Marla Orenstein is the director of the Natural Resources Centre at the Canada West Foundation and co-author of Bill C-69: We lose the jurisprudence, we start back at square one
On Wednesday, Ottawa released its list of “designated projects” for the new impact assessment process proposed under Bill C-69.
Predictably, there are winners and losers. But the real story is that the new list signals the government’s intent to use the new impact assessment legislation as a tool to manage greenhouse gas (GHG) emissions, and to manage the energy industry. In both cases, this is a poor choice – because these are policy issues that can’t be resolved on a project-by-project basis in a regulatory setting.
Bill C-69, introduced last year and almost at the finish line, proposes to replace the current system of environmental assessment with a new process hosted under a new regulator – the Impact Assessment Agency. The designated project list identifies which projects must undergo a federal assessment. The list specifies certain categories of project – oil and gas, pipelines, renewable energy, mining, rail transportation, nuclear projects and a few more – and specifies thresholds for how large a project needs to be for it to require assessment through the agency.
On the surface, the list has a lot of small wins and compromises. Pipelines will only be included if they are either international or interprovincial, and if they have more than 75 kilometres in new right-of-way. In-situ oil sands projects are included for the first time, but are exempted if they fall within a legislated hard cap on GHG emissions.
There is also hypocrisy built into the list. Chemical, aluminum, fertilizer, and cement manufacturing, agricultural operations and even waste treatment and disposal facilities often produce GHGs at levels that are the same or higher than many mining, power generation and fossil fuel operations. But they aren’t on the list. If the goal is to regulate an issue of federal concern – greenhouse gases – then why target only certain industries rather than any project that has the potential to be among the highest GHG producers? Not only is this approach procedurally unfair, it reinforces the view that the fight over GHG emissions is really a fight about the energy industry.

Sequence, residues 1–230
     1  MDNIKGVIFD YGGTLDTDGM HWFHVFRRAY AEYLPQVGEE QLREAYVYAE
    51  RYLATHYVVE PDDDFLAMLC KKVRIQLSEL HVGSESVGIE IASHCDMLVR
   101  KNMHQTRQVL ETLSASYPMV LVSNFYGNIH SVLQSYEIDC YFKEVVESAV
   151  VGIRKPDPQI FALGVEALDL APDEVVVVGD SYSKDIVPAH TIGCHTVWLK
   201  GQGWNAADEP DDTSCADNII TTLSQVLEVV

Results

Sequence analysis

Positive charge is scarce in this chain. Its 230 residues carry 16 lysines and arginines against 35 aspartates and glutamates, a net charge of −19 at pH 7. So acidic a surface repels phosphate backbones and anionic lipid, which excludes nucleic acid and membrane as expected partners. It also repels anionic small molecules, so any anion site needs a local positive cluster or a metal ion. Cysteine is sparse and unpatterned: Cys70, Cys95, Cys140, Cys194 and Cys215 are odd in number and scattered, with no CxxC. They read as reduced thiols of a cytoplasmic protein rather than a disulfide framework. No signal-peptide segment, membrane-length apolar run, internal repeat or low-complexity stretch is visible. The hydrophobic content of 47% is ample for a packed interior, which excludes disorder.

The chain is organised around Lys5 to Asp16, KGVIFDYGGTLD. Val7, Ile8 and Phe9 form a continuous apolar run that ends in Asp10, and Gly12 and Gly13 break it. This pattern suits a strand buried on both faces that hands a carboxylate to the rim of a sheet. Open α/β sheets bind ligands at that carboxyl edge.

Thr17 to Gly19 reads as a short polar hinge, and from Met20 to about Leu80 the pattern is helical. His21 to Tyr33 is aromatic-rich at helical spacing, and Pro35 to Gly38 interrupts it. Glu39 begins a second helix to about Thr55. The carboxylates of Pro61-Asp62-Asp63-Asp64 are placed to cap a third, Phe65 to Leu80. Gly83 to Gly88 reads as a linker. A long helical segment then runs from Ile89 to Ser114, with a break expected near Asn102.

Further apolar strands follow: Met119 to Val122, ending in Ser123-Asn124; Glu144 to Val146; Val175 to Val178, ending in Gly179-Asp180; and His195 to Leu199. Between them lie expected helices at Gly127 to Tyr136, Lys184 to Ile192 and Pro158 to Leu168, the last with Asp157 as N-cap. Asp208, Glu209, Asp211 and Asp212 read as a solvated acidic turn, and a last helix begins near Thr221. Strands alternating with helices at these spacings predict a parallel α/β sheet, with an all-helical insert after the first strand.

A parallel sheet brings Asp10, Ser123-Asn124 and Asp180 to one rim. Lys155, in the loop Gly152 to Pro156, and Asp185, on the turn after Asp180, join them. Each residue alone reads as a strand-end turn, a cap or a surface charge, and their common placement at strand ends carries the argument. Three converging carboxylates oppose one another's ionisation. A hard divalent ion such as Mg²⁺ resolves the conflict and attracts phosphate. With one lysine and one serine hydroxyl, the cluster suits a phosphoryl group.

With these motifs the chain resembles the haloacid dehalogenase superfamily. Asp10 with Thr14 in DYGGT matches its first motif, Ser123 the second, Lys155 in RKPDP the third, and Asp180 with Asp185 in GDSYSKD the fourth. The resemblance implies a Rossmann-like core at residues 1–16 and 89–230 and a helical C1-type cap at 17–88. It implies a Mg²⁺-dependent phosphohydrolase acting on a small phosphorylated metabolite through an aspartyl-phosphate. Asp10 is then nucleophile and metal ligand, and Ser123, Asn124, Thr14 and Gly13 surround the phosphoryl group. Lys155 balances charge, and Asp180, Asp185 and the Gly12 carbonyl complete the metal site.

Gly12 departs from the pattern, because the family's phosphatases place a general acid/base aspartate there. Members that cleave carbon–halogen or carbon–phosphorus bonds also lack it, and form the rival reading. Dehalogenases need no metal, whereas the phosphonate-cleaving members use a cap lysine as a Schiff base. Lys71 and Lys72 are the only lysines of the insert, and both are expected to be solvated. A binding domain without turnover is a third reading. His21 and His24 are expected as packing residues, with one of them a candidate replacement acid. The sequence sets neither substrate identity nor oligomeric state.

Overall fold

However, in a larger sense, none of this matters. Thresholds are used to rule certain projects in; but they won’t be useful in helping project proponents identify when they are exempt from federal assessment. This is because the legislation – both Bill C-69 and its predecessor, CEAA 2012 – allow the Minister of the Environment to “designate” a project – that is, to require an assessment even if that project type isn’t on the list.
This could initially be considered a good thing. After all, as described in the project list document, this discretion enables the minister to respond to special circumstances such as the proposed project being located in an environmentally sensitive area, or a new type of activity that hadn’t been tried before.
But the primary reason that the minister would designate a project that isn’t otherwise on the list is “public concern.”
These days, what isn’t the subject of public concern? Of course we want the process to be flexible and responsive. But this is set against the fact that it has become increasingly difficult to get things built in Canada. The Globe and Mail editorial board wrote last year that our society has become “too fussy, risk-averse, fractured, bureaucratic and litigious” to be able to build the type of infrastructure that originally made Canada great, and that we are falling behind globally as a result. Ministerial discretion that responds to public pressure is likely to worsen – not improve – this problem.
So what do we actually need?
We have choices to make as a country about GHG emissions and the future of our energy industry. Many Canadians – myself included – want a strong climate policy. But policy decisions should be made in a policy environment. Hosting debates on climate change should not be the work of the regulator. The policy tools that should be applied are those that – like the clean fuel standard or the carbon tax – apply to all industrial activities. These policy decisions should not be funneled into whether the minister approves or rejects a single project.
The impact assessment process will only work well if it is fit for purpose. It is not the solution to all our woes about climate and energy. Projects should be included based on whether a federal impact assessment is valuable – and not to make a public stand about climate change.